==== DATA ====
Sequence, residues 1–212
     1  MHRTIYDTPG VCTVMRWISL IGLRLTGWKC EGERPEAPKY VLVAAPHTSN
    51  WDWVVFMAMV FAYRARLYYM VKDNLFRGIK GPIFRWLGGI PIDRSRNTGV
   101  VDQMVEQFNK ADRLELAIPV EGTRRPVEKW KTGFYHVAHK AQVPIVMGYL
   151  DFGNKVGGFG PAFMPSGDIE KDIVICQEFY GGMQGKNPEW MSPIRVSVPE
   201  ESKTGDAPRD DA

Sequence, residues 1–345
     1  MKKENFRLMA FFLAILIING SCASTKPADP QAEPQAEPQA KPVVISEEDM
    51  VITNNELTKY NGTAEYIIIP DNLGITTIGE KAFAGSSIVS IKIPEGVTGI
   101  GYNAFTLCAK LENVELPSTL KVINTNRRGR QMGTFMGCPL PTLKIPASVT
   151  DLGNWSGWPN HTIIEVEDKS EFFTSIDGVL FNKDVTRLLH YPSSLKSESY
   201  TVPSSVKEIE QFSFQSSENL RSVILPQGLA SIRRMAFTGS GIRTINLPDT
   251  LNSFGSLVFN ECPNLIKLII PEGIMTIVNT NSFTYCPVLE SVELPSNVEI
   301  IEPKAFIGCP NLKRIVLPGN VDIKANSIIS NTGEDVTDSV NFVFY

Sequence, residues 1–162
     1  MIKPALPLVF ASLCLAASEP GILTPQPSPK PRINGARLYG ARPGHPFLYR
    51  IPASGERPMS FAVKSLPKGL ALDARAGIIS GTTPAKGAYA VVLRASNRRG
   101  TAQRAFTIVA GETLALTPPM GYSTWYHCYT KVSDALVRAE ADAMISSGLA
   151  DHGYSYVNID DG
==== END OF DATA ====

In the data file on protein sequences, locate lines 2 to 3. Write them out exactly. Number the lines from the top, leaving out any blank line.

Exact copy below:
     1  MHRTIYDTPG VCTVMRWISL IGLRLTGWKC EGERPEAPKY VLVAAPHTSN
    51  WDWVVFMAMV FAYRARLYYM VKDNLFRGIK GPIFRWLGGI PIDRSRNTGV